universityCourseSeatTable.put("Harvard", "IT", 120);

    int seatCount 
      = universityCourseSeatTable.get("Mumbai", "IT");
    Integer seatCountForNoEntry 
      = universityCourseSeatTable.get("Oxford", "IT");

    assertThat(seatCount).isEqualTo(60);
    assertThat(seatCountForNoEntry).isEqualTo(null);
}

4.2. Checking for an Entry

We can check the presence of an entry in a Table based on:

  • Row key
  • Column key
  • Both row key and column key
  • Value

Let’s see how to check for the presence of an entry:

@Test
public void givenTable_whenContains_returnsSuccessfully() {
    Table<String, String, Integer> universityCourseSeatTable 
      = HashBasedTable.create();
    universityCourseSeatTable.put("Mumbai", "Chemical", 120);
    universityCourseSeatTable.put("Mumbai", "IT", 60);
    universityCourseSeatTable.put("Harvard", "Electrical", 60);
    universityCourseSeatTable.put("Harvard", "IT", 120);

    boolean entryIsPresent
      = universityCourseSeatTable.contains("Mumbai", "IT");
    boolean courseIsPresent 
      = universityCourseSeatTable.containsColumn("IT");
    boolean universityIsPresent 
      = universityCourseSeatTable.containsRow("Mumbai");
    boolean seatCountIsPresent 
      = universityCourseSeatTable.containsValue(60);

    assertThat(entryIsPresent).isEqualTo(true);
    assertThat(courseIsPresent).isEqualTo(true);
    assertThat(universityIsPresent).isEqualTo(true);
    assertThat(seatCountIsPresent).isEqualTo(true);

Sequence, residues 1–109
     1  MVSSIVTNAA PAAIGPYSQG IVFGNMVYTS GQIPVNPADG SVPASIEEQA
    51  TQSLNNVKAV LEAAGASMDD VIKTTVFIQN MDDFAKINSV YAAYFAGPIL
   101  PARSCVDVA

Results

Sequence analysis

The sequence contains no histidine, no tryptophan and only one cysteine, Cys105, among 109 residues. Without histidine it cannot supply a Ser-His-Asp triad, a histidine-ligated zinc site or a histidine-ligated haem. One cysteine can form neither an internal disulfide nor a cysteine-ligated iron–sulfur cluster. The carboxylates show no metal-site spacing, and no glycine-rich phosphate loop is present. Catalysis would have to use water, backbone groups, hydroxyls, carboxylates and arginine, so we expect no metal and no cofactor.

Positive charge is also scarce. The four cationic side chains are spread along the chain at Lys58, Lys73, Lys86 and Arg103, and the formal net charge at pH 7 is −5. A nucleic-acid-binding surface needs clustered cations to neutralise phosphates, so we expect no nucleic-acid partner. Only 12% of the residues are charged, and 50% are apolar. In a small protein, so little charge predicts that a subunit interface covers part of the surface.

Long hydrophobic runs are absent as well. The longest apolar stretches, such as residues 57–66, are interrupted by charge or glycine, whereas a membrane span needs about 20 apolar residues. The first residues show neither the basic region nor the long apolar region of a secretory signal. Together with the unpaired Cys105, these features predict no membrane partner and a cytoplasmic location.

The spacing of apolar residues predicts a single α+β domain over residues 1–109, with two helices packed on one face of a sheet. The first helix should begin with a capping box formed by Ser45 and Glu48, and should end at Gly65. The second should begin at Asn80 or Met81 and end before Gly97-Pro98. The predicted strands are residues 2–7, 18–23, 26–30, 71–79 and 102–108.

}

4.3. Removal

We can remove an entry from the Table by supplying both the row key and column key:

@Test
public void givenTable_whenRemove_returnsSuccessfully() {
    Table<String, String, Integer> universityCourseSeatTable
      = HashBasedTable.create();
    universityCourseSeatTable.put("Mumbai", "Chemical", 120);
    universityCourseSeatTable.put("Mumbai", "IT", 60);

    int seatCount 
      = universityCourseSeatTable.remove("Mumbai", "IT");

    assertThat(seatCount).isEqualTo(60);
    assertThat(universityCourseSeatTable.remove("Mumbai", "IT")).
      isEqualTo(null);
}

4.4. Row Key to Cell Value Map

We can get a Map representation with the key as a row and the value as a CellValue by providing the column key:

@Test
public void givenTable_whenColumn_returnsSuccessfully() {
    Table<String, String, Integer> universityCourseSeatTable 
      = HashBasedTable.create();
    universityCourseSeatTable.put("Mumbai", "Chemical", 120);
    universityCourseSeatTable.put("Mumbai", "IT", 60);
    universityCourseSeatTable.put("Harvard", "Electrical", 60);
    universityCourseSeatTable.put("Harvard", "IT", 120);

    Map<String, Integer> universitySeatMap 
      = universityCourseSeatTable.column("IT");

    assertThat(universitySeatMap).hasSize(2);
    assertThat(universitySeatMap.get("Mumbai")).isEqualTo(60);
    assertThat(universitySeatMap.get("Harvard")).isEqualTo(120);
}

4.5. Map Representation of a Table

We can get a Map<UniversityName, Map<CoursesOffered, SeatAvailable>> representation by using the columnMap method:

@Test
public void givenTable_whenColumnMap_returnsSuccessfully() {
    Table<String, String, Integer> universityCourseSeatTable